Do Androids Dream of Electric Sheep?

by Philip K. Dick

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What are some quotes from Do Androids Dream of Electric Sheep? Which shows the theme?

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A dominant theme of Philip K. Dick’s 1968 novel, Do Androids Dream of Electric Sheep?, is the question of what it means to be human. Human identity is blurred in this futuristic society because robotics has become so advanced that it becomes nearly impossible to differentiate between androids and humans.

Philip K. Dick’s fictional society decides that empathy is the defining characteristic of humanity. As the bounty hunter Rick Deckard learns early in the novel, "Empathy, evidently, existed only within the human community, whereas intelligence to some degree could be found throughout every phylum and order, including the arachnida." To test an individual’s empathy, a machine-administered assessment called the Voigt-Kampff Empathy Test is given and, as the plot unfolds, several characters are forced to take it to prove their humanity. However, Dick calls into question the utility of such an arbitrary measurement by highlighting uncertainties surrounding the difference between man and machine in the novel.

For example, as Rick Deckard searches for the androids he has been hired to “retire,” he attends a rehearsal session for Mozart’s opera “The Magic Flute.” One android sings so beautifully that Deckard believes she must be human and suggests that she take the test Voigt-Kampff test. In reply, the android suggests,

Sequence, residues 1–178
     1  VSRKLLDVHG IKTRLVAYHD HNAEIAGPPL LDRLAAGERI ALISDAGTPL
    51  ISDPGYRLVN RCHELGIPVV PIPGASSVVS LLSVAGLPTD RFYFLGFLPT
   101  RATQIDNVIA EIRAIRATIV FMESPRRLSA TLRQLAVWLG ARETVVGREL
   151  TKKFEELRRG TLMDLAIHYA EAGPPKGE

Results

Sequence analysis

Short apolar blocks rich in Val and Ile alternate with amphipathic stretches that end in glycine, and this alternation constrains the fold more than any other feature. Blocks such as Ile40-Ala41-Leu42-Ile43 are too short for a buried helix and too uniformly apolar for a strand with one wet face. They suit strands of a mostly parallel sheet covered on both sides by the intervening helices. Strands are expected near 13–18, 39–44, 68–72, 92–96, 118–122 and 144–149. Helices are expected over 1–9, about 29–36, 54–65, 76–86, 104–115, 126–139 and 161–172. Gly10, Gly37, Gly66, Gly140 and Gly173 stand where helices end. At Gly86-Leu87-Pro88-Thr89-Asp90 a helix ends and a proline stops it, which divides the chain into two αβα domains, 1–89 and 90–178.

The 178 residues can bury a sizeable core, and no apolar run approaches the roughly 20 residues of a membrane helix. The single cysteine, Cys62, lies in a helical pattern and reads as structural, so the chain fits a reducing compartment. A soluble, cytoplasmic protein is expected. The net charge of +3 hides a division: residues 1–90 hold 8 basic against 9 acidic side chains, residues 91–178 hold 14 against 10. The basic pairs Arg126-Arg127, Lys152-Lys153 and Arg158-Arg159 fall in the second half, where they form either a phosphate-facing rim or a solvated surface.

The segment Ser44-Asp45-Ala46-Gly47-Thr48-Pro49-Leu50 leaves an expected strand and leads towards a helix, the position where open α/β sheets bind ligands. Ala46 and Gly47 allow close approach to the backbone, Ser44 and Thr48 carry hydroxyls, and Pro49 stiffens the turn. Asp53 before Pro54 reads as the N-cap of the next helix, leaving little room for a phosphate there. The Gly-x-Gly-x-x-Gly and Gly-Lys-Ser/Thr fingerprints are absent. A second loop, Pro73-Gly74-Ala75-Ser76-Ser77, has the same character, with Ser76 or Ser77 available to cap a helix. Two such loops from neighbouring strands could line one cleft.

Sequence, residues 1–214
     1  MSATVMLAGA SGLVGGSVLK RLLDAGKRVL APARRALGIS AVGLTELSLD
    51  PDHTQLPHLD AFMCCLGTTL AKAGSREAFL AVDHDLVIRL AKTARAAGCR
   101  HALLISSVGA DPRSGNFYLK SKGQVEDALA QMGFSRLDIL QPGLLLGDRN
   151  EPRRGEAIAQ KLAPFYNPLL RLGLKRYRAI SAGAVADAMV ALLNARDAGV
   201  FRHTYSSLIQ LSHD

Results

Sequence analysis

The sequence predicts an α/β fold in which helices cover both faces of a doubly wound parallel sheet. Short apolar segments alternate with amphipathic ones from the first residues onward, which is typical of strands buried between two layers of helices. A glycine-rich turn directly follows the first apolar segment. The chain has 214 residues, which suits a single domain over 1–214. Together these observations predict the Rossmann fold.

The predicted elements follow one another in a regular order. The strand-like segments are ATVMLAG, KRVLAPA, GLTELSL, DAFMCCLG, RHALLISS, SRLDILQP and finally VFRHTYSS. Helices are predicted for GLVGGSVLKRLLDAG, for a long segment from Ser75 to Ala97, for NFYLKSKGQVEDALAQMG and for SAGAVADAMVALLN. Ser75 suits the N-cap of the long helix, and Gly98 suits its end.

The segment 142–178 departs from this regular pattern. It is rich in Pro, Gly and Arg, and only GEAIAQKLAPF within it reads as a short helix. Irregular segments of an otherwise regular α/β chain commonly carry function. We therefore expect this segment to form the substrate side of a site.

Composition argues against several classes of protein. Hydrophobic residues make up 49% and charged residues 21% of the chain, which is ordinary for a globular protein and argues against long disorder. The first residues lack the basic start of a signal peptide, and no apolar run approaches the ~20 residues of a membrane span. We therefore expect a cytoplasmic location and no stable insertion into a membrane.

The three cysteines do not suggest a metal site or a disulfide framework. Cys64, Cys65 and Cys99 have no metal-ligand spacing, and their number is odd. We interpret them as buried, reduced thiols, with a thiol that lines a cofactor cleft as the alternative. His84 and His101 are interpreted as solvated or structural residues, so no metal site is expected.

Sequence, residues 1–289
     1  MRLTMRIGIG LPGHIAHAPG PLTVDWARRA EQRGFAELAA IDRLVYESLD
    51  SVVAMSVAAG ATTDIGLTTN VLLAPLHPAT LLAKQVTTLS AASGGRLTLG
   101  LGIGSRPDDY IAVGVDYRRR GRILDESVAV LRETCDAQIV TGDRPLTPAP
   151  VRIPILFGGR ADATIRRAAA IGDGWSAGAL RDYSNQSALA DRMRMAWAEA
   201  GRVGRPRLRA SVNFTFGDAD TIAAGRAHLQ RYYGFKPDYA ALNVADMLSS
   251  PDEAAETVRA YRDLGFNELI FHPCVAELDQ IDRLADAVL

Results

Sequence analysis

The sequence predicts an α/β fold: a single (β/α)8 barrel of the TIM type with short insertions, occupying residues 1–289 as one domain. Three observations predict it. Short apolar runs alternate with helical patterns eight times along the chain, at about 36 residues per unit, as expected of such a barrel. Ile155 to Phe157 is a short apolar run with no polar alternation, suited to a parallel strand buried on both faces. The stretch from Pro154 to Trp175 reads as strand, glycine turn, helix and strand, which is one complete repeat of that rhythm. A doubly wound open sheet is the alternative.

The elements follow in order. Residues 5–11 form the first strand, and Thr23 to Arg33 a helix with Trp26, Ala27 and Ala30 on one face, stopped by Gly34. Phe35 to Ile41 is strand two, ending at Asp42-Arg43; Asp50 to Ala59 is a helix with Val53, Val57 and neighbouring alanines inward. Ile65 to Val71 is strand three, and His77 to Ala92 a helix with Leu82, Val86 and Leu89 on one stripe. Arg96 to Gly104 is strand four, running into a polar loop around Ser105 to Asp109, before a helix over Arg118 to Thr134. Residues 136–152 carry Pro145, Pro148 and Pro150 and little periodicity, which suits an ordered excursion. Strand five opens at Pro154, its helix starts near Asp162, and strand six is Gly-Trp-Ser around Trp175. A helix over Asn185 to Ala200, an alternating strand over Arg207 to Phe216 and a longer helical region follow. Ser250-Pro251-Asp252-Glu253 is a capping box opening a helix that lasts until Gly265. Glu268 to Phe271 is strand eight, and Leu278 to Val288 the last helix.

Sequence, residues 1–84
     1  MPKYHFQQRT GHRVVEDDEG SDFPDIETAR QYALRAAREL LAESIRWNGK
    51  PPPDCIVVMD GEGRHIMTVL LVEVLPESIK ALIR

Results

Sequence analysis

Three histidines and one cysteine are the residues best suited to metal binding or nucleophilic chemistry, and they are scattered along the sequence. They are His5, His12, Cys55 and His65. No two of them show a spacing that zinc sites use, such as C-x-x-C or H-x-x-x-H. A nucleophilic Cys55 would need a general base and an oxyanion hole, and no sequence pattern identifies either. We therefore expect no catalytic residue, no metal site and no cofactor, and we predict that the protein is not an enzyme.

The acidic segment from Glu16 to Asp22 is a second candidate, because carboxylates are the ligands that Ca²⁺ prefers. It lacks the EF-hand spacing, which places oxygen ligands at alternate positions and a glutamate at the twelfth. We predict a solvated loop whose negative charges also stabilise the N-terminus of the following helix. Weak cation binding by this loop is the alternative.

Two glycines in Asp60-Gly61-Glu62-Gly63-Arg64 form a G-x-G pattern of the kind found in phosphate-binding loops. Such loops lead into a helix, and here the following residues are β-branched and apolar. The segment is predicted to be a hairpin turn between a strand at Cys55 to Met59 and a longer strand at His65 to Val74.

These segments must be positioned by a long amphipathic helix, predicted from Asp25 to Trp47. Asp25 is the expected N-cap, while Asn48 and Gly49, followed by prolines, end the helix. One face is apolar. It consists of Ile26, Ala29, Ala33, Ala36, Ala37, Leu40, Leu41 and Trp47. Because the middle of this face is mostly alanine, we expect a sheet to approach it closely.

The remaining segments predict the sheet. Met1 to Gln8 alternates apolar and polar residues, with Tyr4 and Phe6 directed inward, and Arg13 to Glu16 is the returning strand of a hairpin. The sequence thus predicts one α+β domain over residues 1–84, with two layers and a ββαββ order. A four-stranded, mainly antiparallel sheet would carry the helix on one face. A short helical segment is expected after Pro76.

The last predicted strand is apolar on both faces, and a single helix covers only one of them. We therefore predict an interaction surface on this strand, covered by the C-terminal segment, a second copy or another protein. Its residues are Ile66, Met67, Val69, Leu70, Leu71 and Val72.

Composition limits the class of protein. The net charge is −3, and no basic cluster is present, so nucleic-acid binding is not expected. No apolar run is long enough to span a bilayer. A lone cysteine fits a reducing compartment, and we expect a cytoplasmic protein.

“Maybe there was once a human who looked like you, and somewhere along the line you killed him and took his place. And your superiors don’t know.”

This cheeky assertion sparks doubt in Deckard, and he begins to question his own identity, knowing that many androids are implanted with false memories and create their own family units. As his uncertainty grows, it extends to the reader, who begins to wonder if they have taken for granted that the protagonist of the novel is human! If only humans can feel empathy, how could someone doubt their own humanity? Perhaps Dick is suggesting that the line between organic and artificial life isn’t as clear cut as many would like to believe.

The value of artificial or “electric” life is explored throughout the novel but reaches a conclusion near the end of the plot. Rick Deckard references an artificial spider and electric toad in the final pages by asserting, “The electric things have their life too. Paltry as those lives are.” This suggests that all life, organic and “electric”, is worthy of some degree of respect. This connects back to the question of what it means to be human and the kinds of life valued by our species. Perhaps, if humanity is truly as empathetic as we assume, we should reevaluate how we treat all life on the planet rather than focusing solely on anthropocentric concerns.

I hope this helps provide some food for thought!

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The central theme of this powerful work of science fiction is what is the value of a life and how do we determine what is human and what isn't. The reader is presented with a world where there is apparently a very clear delineation between replicants or robots and humans, but as the novel continues, Dekkard comes to realise more and more that there is no such delineation and the boundary line between what marks somebody as being human and what indicates that they are nothing but a replicant becomes more and more blurred. Perhaps one of the most powerful lines in the whole novel is the following quote:

Do androids dream? Rick asked himself.

This reflects the confusion and conflict that Dekkard suffers. Roy Baty seems to have just as many dreams as Dekkard himself does, yet Dekkard is sent to kill Roy as if he were not human or his life doesn't matter. This quote picks up the philosophical musings of the title and is used to explore the central question of the novel, which focuses on the meaning of life and what determines that we are human.

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